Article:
If you’re in charge of a small team, try these three Cs to help you manage people effectively.
There's a lot to consider when running your own conveyancing practice, including managing your staff. If you've never had any formal management training it can be hard to know where to start. Even if only a handful of people report to you, it's important that you’re able to provide them with leadership, guidance and support.
Here are three ways to become a better leader of your small team.
1. Communication: Choose the right approach
When managing a small team of conveyancers and support staff, a misunderstanding or unresolved personal conflict might lead to a decrease in morale and productivity. This can have a negative impact on your clients.
By choosing the right method of communication you can foster a team that operates smoothly and efficiently. Emails can be great for exchanging documents, but when nuance is needed, there's no substitute for face-to-face meetings.
For effective communication, ensure that you:
Listen closely without interrupting, and respect cultural differences;
Have an open-door communication policy between managers and staff;
Be clear about everyone's roles and responsibilities; and
Encourage questions if clarification is needed.
Whether it's daily or weekly, it's a good idea to hold team meetings whenever there are changes that affect the entire team. Some experts suggest 15 minutes is the ideal length for a team meeting – but be willing to try different lengths and formats.
2. Constructive feedback: Review and promote team members
It's important to have some kind of review system for all staff members – whether you manage conveyancers looking to grow their own client base or support staff who want a raise but not necessarily a role change.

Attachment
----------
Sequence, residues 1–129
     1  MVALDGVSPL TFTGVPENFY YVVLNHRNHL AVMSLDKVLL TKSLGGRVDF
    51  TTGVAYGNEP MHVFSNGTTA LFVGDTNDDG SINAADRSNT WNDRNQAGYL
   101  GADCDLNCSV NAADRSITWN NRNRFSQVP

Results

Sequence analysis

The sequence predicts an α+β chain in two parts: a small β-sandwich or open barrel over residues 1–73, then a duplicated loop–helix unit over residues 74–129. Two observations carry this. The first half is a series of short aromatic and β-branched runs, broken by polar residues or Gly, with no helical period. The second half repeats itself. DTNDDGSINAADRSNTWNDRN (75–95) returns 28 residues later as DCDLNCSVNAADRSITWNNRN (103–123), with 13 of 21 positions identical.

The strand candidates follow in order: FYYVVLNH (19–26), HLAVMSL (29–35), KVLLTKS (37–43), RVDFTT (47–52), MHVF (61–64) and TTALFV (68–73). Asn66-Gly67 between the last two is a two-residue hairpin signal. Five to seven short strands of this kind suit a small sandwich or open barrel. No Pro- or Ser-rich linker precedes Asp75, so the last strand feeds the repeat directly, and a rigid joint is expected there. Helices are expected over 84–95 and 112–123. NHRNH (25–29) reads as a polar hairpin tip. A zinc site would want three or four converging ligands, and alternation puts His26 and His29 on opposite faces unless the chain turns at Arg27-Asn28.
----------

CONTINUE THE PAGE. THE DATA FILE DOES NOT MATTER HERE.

You might prefer to introduce a structured, formal review every six or 12 months, or simply pull your staff aside for a casual chat when you feel they're ready.
Traditionally, team leaders conduct performance reviews by giving their perspective on the individual's progress, completion of specific tasks and performance against benchmarks. However, it can also be useful for you as the manager to get team members to provide you with feedback on their peers prior to each individual's review. This can help you to evaluate each employee's communication skills, leadership potential and team attitude.
3. Culture: Ensure it suits you and your employees
Culture can make or break a workplace. If your staff dread coming into work each day, it can have an extremely negative impact on productivity and employee retention. Employees should enjoy the challenges of work, the company of their co-workers and the workplace atmosphere.
The most successful workplace cultures tend to focus on a core set of business values. Knowing what your company stands for, and openly communicating this, will help to attract the right talent. It will also provide your team with guidance through difficult times.
It's also worth remembering that good ideas can come from anywhere. Empowering your team to actively participate in the development of their workplace culture will help to create a mutual sense of trust and belonging.
Managing a small team is no trivial task. By focusing on the three Cs – communication, constructive feedback and culture – you have a much better chance of accomplishing great things together.